After the awards ceremony’s reception, President Obama, First Lady Michelle and Former President Clinton and Hillary Clinton headed together in a limousine to Arlington National Cemetery for a wreath laying ceremony marking the 50th anniversary of President Kennedy’s assassination.
There the Obamas and Clintons laid a “large blue and white wreath” at Kennedy’s grave that is marked by an eternal flame. A bugler played taps, and they read the inscriptions at the grave to themselves and then both first couples left separately.
Later in the evening during his speech at the Presidential Medal of Freedom 50th anniversary dinner, Obama spoke about the afternoon ceremony; “This afternoon, Michelle and I were joined by President Clinton and Secretary Clinton to pay tribute to that proud legacy. We had a chance to lay a wreath at the gravesite at Arlington, where President Kennedy is surrounded by his wife and younger brothers, and where he will rest in peace for all time, remembered not just for his victories in battle or in politics, but for the words he uttered all those years ago: ‘We…will be remembered…for our contribution to the human spirit.'”
Both Presidents share a Kennedy connection; Clinton met Kennedy and shook his hand in 1963 while a member Boys Nation, the photo of that meeting was often used in Clinton’s 1992 Presidential campaign. While Obama had the support of former Senator Edward “Ted” Kennedy, who died in 2010, former President Kennedy’s youngest brother, during his 2008 Presidential campaign, whose early endorsement helped garner Obama the Democratic Presidential nomination, leading to a Presidential victory. In both 1992 and 2008 both Presidents’ claimed they were the next generation that the “torch was passed to.”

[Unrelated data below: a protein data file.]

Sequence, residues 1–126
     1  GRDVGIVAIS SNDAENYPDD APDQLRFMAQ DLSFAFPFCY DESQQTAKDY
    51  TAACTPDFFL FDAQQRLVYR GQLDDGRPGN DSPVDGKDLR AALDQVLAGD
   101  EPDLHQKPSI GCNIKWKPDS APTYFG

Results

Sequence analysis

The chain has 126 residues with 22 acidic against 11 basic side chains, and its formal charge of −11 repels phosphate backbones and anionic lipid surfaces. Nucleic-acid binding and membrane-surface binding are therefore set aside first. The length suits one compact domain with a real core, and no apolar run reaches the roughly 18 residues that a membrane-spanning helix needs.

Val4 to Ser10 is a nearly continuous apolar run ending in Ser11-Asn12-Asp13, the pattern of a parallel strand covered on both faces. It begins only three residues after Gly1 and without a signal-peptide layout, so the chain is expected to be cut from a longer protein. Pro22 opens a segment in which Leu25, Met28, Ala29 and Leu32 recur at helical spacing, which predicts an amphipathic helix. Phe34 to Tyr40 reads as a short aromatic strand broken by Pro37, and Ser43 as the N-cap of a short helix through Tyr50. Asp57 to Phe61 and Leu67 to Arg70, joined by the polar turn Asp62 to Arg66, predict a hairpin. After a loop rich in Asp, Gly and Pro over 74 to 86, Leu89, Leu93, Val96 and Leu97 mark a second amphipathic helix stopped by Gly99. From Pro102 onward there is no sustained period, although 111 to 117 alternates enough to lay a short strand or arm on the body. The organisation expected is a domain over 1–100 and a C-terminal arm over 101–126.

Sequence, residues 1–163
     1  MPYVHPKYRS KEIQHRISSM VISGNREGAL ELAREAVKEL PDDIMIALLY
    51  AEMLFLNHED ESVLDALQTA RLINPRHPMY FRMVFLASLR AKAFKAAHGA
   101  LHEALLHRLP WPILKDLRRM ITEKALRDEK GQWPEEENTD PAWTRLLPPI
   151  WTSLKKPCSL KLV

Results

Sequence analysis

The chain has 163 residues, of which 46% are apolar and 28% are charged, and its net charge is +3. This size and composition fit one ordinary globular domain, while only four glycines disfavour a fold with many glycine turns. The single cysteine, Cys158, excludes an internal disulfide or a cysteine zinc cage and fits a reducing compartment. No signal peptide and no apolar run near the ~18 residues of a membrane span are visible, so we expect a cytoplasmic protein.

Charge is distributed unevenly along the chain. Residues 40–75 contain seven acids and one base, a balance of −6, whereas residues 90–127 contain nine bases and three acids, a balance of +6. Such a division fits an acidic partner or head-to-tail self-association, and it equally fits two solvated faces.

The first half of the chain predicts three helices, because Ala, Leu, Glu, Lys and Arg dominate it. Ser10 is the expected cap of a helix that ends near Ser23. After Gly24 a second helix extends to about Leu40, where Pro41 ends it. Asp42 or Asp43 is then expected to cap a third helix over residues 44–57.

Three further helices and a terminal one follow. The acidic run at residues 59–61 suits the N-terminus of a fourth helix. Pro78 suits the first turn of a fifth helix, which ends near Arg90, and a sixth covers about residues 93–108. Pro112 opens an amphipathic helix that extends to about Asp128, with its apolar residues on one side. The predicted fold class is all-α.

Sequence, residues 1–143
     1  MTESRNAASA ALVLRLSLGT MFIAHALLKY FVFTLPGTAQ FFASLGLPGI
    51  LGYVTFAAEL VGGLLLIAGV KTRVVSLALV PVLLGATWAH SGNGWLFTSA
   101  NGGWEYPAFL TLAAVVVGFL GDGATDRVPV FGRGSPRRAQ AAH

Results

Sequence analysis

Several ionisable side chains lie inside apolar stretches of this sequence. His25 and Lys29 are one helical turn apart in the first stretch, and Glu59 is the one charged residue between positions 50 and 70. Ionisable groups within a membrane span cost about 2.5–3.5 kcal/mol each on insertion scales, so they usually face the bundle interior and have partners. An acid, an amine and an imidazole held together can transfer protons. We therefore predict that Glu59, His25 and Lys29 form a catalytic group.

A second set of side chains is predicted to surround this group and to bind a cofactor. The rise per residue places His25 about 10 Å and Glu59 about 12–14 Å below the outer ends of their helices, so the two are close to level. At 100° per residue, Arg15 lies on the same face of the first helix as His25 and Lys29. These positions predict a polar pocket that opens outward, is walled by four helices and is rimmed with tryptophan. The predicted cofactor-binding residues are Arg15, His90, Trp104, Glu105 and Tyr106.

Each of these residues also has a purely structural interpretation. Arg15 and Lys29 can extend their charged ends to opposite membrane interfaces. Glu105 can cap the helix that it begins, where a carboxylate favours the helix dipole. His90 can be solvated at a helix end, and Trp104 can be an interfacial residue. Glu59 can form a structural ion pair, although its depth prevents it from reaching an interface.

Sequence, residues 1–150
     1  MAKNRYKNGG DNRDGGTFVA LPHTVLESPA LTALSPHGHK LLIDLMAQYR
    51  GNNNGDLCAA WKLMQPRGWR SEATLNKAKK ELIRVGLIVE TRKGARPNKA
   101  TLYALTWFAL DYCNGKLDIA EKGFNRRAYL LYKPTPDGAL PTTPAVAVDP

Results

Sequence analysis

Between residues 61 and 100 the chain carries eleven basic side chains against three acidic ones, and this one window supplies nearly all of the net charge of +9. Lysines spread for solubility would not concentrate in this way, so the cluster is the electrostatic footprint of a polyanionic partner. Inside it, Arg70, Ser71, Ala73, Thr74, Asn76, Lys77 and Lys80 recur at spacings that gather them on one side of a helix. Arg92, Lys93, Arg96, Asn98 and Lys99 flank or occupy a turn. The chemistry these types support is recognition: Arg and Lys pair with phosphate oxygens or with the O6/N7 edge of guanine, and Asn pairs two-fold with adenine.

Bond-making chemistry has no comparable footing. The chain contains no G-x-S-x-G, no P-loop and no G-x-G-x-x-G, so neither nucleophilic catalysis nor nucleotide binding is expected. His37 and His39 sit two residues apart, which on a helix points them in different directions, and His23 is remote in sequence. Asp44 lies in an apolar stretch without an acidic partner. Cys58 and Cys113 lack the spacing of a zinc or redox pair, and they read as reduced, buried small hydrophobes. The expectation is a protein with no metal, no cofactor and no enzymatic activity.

President Kennedy’s grave and memorial is made from granite stone native to Cape Cod, Massachusetts, close to where the Kennedy family had their summer compound in Hyannis Port. The eternal flame was Kennedy’s wife Jacqueline’s idea and she lit it at the President’s funeral.
Kennedy’s sister-in-law, Ethel Kennedy, wife of his brother Robert F. Kennedy, who had been assassinated only 5 years later in June 1968, attended the ceremony where both presidents assisted her in climbing the stairs to Kennedy’s grave.
Kennedy’s only direct descendent, his grandson, Jack Scholossberg, 20 attended the memorial and served as the official host greeting the dignitaries and guests who arrived. His mother Caroline Kennedy, the only living child from the President, did not attend as she just late last week headed to Japan to begin her ambassadorship to the country. Caroline Kennedy, 55 views her ambassadorship as an extension of her father’s legacy, he wanted to be the first U.S. President to visit Japan after World War II, but his death cut his plans short.